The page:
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Three CSL midfielders who could make the difference in Russia

By Richard Widdington MOSCOW Russia (Xinhua) -- With the Chinese Super League (CSL) taking a month-long break, a number of faces particularly familiar to fans of China’s domestic league will be making appearances at the World Cup Russia.

The number of foreign CSL players who are making an impact on their national teams speaks to the increasingly high standard of play in the league, and nowhere is this more true than in central midfield.

Here are three China-based midfielders whose on-field impact could be the difference between success and underperformance for their respective countries.

1.         Javier Mascherano (Hebei China Fortune, Argentina)

In another generation of Argentine footballers, one blessed with the high-octane midfielders around which Jorge Sampaoli built his reputation with the Chilean national team, Javier Mascherano would likely be following La Albiceleste beachside, cocktail in hand. Instead, the 34-year-old Hebei China Fortune star enters his fourth World Cup at the heart of Argentina’s midfield.

Argentina spluttered its way through qualifying and the 2014 finalists have continued to underwhelm since Sampaoli’s arrival in May last year. New systems have been tried in recent friendlies against Spain and Haiti, but the disjoint between midfield and attack remains. In the November friendly against Nigeria, a side Sampaoli will meet in the treacherous Group D, Argentina failed to control the tempo of the second half and conceded three goals on course to a 4-2 defeat. While knockout football is undeniably a different beast, the sense remains that Argentina are vulnerable to quick, direct football.

Attention inevitably falls to Lionel Messi when contemplating Argentina’s capabilities in Russia, but given the side’s defensive deficiencies, Mascherano’s ability to shield the back line and distribute the ball intelligently could prove vitally important.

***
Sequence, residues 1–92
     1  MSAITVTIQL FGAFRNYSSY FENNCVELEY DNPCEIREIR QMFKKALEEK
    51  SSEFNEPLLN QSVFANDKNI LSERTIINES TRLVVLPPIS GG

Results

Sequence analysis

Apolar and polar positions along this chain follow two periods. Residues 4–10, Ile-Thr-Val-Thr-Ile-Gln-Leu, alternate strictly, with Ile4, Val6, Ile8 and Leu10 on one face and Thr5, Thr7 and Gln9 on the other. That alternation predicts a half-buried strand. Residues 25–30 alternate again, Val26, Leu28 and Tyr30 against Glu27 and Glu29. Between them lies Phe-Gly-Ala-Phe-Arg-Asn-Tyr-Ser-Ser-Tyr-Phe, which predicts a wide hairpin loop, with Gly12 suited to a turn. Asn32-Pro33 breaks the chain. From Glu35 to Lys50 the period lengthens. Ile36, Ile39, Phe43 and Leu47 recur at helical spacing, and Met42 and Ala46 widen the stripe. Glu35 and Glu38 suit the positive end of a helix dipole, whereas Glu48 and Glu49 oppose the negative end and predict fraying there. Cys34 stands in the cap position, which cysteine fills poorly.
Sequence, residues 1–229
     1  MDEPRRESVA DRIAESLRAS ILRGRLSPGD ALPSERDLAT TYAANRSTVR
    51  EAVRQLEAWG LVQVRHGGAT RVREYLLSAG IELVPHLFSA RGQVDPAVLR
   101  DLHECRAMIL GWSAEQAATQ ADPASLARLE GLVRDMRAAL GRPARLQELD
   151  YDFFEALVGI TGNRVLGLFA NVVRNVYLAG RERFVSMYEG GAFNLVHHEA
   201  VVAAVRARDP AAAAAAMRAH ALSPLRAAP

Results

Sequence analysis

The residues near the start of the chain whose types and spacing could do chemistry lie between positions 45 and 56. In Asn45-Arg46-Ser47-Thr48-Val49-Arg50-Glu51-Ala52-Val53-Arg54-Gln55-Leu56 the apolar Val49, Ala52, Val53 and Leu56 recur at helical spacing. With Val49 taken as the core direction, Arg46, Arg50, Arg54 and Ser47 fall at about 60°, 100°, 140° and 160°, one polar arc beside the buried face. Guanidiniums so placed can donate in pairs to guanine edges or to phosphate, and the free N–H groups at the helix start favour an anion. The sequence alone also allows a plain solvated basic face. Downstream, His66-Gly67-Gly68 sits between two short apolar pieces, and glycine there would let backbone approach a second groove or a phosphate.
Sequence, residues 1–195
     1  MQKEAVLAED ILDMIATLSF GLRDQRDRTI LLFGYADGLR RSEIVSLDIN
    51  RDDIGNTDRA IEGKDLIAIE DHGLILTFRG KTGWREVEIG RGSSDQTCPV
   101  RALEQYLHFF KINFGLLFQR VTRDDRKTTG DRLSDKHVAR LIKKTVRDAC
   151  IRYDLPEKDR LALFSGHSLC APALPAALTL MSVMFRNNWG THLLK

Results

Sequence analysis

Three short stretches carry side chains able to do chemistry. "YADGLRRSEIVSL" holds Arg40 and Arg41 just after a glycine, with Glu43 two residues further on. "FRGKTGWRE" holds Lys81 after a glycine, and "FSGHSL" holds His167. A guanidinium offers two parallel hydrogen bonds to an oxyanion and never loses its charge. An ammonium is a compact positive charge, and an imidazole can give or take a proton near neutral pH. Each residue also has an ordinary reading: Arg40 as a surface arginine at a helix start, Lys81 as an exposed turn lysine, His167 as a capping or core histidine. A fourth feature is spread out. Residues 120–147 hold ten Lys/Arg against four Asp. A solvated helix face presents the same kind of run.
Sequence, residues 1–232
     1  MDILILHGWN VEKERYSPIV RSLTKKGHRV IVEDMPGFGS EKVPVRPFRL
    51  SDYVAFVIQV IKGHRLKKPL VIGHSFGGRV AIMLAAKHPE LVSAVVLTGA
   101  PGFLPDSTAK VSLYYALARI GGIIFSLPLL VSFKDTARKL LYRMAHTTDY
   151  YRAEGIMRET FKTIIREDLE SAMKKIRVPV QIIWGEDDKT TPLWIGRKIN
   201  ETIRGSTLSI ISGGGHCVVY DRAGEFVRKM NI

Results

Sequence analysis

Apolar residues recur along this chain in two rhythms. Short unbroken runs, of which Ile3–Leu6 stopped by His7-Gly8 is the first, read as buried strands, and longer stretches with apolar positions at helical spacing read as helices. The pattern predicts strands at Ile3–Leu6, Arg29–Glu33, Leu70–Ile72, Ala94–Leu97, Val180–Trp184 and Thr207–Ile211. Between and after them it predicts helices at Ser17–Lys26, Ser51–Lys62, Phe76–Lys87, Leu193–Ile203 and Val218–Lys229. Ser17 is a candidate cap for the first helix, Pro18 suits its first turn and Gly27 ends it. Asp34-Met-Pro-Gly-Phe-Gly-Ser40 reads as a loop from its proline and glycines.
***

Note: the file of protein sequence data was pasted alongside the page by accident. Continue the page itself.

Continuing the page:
2.         Axel Witsel (Tianjin Quanjian, Belgium)

Belgium boasts arguably the strongest all-round squad in the competition, with two high-quality players for each position. Consequently, there is no guarantee the combative yet elegant midfielder will start in Russia, though the signs are positive given Roberto Martinez selected him for recent friendlies against Egypt and Costa Rica.

Belgium’s plethora of attacking talent means the former Wigan Athletic manager fields Kevin De Bruyne in a central midfield pair, a move that adds to the side’s fluidity and creative outlets when in possession. However, against sides prone to playing counter-attack football, such as Group G opponents Panama and Tunisia, the tracking, fitness and positional awareness of the other central midfielder is fundamental if the defense is to be protected. Although Witsel occupies a slightly more advanced role for Tianjian Quanjian, his positional discipline and willingness to allow others creative freedom has played a key role in the northeasterners run to the quarterfinals of the AFC Champions League.

Witsel’s reputation in Belgium was somewhat tarnished in 2009 by a horror tackle on an Anderlecht player, one that saw him branded a ‘beast’ and led to a swift transfer to Benfica. While many have long forgiven the China-based player, Witsel has the chance to forge an altogether new reputation this summer by allowing De Bruyne, Eden Hazard and company to weave their magic.

3.         Renato Augusto (Beijing Guoan, Brazil)

Perhaps lesser known than the aforementioned midfielders, Renato Augusto’s European career at Bayer Leverkusen was anticlimactic and hampered by injury. But the Brazilian’s prominence for Beijing Guoan since arriving in 2016 is a testament to the fact players do not necessarily sacrifice an international career by moving to the Chinese Super League.

Although Brazil’s sparkling front three draws the plaudits, the Beijing favorite sits deep and was instrumental in dictating the play during the Selecao’s gold medal performance at the Rio Olympics. Having broken into the team under Dunga, the much-derided previous coach, Augusto has continued to be important for new manager Tite, though his place has come under threat from Paulinho in recent friendlies.

Augusto had a recent injury scare and could see limited playing time in Group E, particularly since Brazil’s opponents are likely to sit deep and frustrate one of the tournament favorites. What’s more, defensive opponents may encourage Tite to field an additional creative player. However, against more expansive teams, the midfielder could prove crucial and one lesson drawn from Croatia’s impressive high-block pressing in last week’s friendly, one that stunned and nullified Brazil in the first half, is the need for Augusto’s cool-headed passing.

           

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